Nada (1974) – The Political is in fact The Personal

It was never going to be easy for Claude Chabrol to move on from his most productive period.  Between the late 1960s and the early 1970s, Chabrol produced a series of films that would not only secure his reputation to the present day, but also leave an indelible mark upon what comes to mind when one thinks of French cinema.  Les Biches (1968), La Femme Infidele (1969), Que La Bete Meure (1969), Le Boucher (1970), Juste Avant La Nuit (1971) and Les Noces Rouges (1973) were shot almost on top of each other with a similar cast of actors who almost came to resemble a repertory company performing only the works of Claude Chabrol.  A company of actors who knew exactly what was expected of them in a series of films that positively simmered with anger and resentment at the provincial bourgeoisie who ran the country and defended the status quo while angry young men such as Chabrol climbed the barricades in the hope of creating a better world.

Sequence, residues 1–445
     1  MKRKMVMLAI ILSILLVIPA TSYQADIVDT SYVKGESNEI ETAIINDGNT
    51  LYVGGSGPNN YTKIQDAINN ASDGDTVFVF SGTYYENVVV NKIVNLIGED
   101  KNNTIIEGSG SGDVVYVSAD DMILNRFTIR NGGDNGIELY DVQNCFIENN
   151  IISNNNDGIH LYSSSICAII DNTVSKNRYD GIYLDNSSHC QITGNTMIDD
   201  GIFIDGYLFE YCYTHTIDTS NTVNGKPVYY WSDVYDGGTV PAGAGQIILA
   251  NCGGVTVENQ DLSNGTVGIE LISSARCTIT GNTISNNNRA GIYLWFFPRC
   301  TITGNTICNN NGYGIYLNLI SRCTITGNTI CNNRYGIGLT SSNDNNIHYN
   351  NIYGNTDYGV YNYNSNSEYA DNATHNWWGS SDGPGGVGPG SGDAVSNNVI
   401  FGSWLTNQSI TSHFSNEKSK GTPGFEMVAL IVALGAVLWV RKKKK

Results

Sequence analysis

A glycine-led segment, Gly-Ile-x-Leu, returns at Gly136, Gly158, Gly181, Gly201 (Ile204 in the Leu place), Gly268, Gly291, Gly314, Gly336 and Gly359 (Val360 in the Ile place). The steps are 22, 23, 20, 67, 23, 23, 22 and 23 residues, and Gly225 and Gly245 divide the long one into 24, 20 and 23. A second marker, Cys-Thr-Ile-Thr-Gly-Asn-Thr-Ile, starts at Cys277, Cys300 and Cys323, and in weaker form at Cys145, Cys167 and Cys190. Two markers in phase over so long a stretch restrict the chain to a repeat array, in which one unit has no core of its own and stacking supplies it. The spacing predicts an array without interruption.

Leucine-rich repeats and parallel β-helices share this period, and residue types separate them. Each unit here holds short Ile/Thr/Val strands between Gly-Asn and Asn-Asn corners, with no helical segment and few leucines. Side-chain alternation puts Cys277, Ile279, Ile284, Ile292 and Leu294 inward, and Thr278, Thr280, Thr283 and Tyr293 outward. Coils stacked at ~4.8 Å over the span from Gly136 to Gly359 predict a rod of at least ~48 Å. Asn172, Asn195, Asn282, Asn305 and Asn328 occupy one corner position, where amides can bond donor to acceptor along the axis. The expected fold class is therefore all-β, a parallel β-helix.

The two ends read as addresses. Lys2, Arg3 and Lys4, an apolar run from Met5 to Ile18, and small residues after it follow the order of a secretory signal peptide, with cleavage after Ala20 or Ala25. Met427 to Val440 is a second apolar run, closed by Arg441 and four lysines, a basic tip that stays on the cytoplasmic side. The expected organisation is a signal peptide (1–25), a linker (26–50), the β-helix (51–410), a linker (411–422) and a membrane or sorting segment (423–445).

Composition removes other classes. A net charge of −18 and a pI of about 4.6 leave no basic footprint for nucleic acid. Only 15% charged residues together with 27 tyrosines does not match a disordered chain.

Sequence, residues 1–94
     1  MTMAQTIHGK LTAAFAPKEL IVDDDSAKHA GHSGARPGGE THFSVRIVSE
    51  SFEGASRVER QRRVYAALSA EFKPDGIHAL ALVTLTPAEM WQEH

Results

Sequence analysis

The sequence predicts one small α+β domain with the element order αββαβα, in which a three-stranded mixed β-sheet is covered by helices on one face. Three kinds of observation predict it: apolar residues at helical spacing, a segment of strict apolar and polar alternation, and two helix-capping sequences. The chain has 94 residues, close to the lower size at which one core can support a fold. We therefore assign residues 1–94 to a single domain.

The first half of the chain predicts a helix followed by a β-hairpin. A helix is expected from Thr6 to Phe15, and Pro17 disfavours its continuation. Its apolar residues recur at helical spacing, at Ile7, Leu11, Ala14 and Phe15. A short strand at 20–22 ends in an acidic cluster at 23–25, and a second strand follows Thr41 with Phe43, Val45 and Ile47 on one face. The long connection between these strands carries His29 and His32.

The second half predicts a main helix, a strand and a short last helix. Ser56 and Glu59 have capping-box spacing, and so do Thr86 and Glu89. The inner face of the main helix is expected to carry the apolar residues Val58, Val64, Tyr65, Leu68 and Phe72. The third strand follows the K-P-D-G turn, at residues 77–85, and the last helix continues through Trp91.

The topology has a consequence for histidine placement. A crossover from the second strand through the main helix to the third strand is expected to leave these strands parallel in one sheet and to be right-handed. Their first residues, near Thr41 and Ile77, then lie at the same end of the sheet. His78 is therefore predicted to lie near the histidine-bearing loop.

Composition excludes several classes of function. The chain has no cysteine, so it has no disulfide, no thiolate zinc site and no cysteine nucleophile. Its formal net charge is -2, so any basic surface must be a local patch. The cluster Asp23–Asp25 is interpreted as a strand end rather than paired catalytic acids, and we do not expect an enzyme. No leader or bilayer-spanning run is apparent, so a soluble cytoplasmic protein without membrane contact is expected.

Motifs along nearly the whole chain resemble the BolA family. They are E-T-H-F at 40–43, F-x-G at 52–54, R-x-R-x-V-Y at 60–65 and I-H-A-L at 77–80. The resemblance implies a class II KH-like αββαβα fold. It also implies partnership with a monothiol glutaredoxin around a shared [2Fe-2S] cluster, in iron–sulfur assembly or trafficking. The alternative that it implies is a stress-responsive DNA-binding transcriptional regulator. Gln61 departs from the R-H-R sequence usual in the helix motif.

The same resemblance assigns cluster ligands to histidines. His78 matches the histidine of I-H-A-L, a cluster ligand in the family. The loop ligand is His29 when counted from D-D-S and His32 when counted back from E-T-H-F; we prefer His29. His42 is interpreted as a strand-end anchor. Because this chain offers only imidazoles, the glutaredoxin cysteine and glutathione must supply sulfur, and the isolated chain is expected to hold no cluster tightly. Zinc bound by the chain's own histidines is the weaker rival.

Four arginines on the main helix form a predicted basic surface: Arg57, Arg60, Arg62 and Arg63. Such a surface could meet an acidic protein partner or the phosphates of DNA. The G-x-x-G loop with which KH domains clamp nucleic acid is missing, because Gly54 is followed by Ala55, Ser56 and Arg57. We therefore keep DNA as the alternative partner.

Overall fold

However, watching the films of this period, it strikes me that Chabrol and revolutionary politics were never going to be a perfect fit.  Chabrol’s vision of the world is deeply morally complex.  When he looks out the window he sees shades of grey rather than the stark black and white demanded by revolutionaries willing to use force to change the world.  In fact, while films such as La Femme Infidele, Que La Bete Meure and Les Noces Rouges did a brilliant job of critiquing the middle classes by suggesting a world of sex, passion, drink and self-destruction beneath the mannered politeness and brass-buttons, these criticisms also humanised them.  There is something almost comical and easy to empathise with about the husband in La Femme Infidele who kills his wife’s lover but never mentions it to her or the man in Que La Bete Meure who tracks down his son’s killer only to discover that the man’s entire family are hoping that someone will kill him for them.  These are not the kinds of people you simply put up against a wall… these are weak, pitiful and ultimately on some level sympathetic creatures.  They are victims of the system just like everyone else.  Given the general timbre of Chabrol’s work during the late 60s and early 70s, Chabrol’s political history and the political climate of the French cinema scene at the time (Cahiers du Cinema was run by a Maoist collective during the mid-70s) it was clear that something had to give and the result was Nada, a satirical comedy-thriller based upon a noir novel by the influential French writer Jean-Patrick Manchette, that sees Chabrol turning his ire from the bourgeoisie to the functionaries of the state and the radical Leftists who would overthrow them.